Illinois Final Pay Laws – How the IWPCA Protects Illinois Workers

As a worker in Illinois, you probably trust that your employer will pay you the appropriate amount of money in exchange for your work. However, if you’ve recently experienced an issue with employee wages, you may be wondering: what happens when an Illinois employer fails to pay? 

The Illinois Wage Payment and Collection Act (IWPCA) is in place to protect workers from numerous wage-related issues. Read on to learn more about this law and how DeBlasio & Gower LLC can help you recover your employee wages and/or bonus compensation. 

What Is the IWPCA? 

The Illinois Wage Payment and Collection Act (IWPCA) is a an Illinois law that establishes where, when, and how often Illinois employers must pay wages to their employees. This act covers several circumstances involving employee wages, including, but not limited to, final compensation at the end of an employment period, and unpaid bonuses and unpaid overtime. 

Generally, IWPCA provides the protections for employees, such as: 

  • Employers must inform employees of their pay rates and detail how they will receive payment before employees begin working.
  • In most cases, employees must receive their wages at least twice per month.
  • Employees who receive bi-weekly payment of wages must receive their wages within 13 days of the end of the pay period. 
  • Employees who receive weekly payment of wages must receive their wages within seven days of the end of the pay period. 
  • At the end of an employment relationship, employees must receive their final compensation no later than the next scheduled payday. 
  • Employers cannot deduct funds from employees’ wages unless they meet specific criteria.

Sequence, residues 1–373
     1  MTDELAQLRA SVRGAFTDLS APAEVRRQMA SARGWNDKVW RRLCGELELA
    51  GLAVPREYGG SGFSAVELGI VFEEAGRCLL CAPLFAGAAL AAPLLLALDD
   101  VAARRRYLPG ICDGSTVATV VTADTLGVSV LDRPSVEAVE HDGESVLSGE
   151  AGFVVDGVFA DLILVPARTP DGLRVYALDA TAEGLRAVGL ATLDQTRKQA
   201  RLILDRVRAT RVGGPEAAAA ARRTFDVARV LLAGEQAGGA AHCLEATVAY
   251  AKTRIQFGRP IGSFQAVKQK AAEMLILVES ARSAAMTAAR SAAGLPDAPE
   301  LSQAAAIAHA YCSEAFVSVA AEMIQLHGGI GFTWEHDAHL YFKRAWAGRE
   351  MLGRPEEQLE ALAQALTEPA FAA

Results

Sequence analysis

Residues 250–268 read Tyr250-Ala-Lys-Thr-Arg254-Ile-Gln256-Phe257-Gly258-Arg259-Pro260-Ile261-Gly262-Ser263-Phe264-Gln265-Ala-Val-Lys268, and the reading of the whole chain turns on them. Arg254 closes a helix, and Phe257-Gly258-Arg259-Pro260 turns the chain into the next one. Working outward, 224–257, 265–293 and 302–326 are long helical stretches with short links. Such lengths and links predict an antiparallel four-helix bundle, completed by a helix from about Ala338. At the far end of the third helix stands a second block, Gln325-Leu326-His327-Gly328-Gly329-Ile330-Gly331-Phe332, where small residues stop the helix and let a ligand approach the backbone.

Who Does the IWPCA Protect? 

The IWPCA protects most private employees working in the state of Illinois.

However, this act does not cover federal or state government employees, independent contractors, or employees who perform their work outside of Illinois. Although in some circumstances a worker outside Illinois can sue their Illinois-based employer. The IWCPA also has a 10 year state of limitations and allows an employee to hold a corporate office of the employer personally liabile for the unpaid wages.

To receive protections under the IWPCA, you must have some sort of agreement or contract with your employer. The term “agreement” under the IWPCA is very broad and includes even oral agreements. Sometimes an employee handbook can be deemed as a contract or agreement under the IWPCA, even if your employer has stated that your handbook is not a contract. 

The Illinois Department of Labor wants the IWPCA to apply to as many workers as possible. As a result, it considers several forms of agreements and contracts valid for claims under this law. 

What Damages Can You Receive in an IWPCA Claim? 

Employers who have violated the IWPCA must provide the unpaid wages owed to their employees. However, they may also be subject to other damages and penalties under this law. 

Specifically, employers found liable under this act must also pay:

  • To the employee, damages equal to 5% of the wage underpayment for each month unpaid. These damages continue to accrue until the employer pays what they owe.
  • The employees costs and reasonable attorney’s fees

Employers may owe additional penalties for failing to comply with the demand from the Illinois Department of Labor in a timely fashion.   

How Our Team Can Help 

Navigating the wage claim process may feel confusing and overwhelming, especially if your employer maintains that they paid you fairly. However, having a qualified employment and civil rights attorney on your side can take the stress off your shoulders and give you a better chance of receiving the wages you believe you deserve. 

At DeBlasio & Gower, LLC, we have over four decades of experience helping clients. We can help you collect evidence to assist your claim, walk you through the claim application process, and provide legal advice every step of the way. Start by contacting DeBlasio & Gower, LLC today at 630-560-1123 to schedule your initial consultation.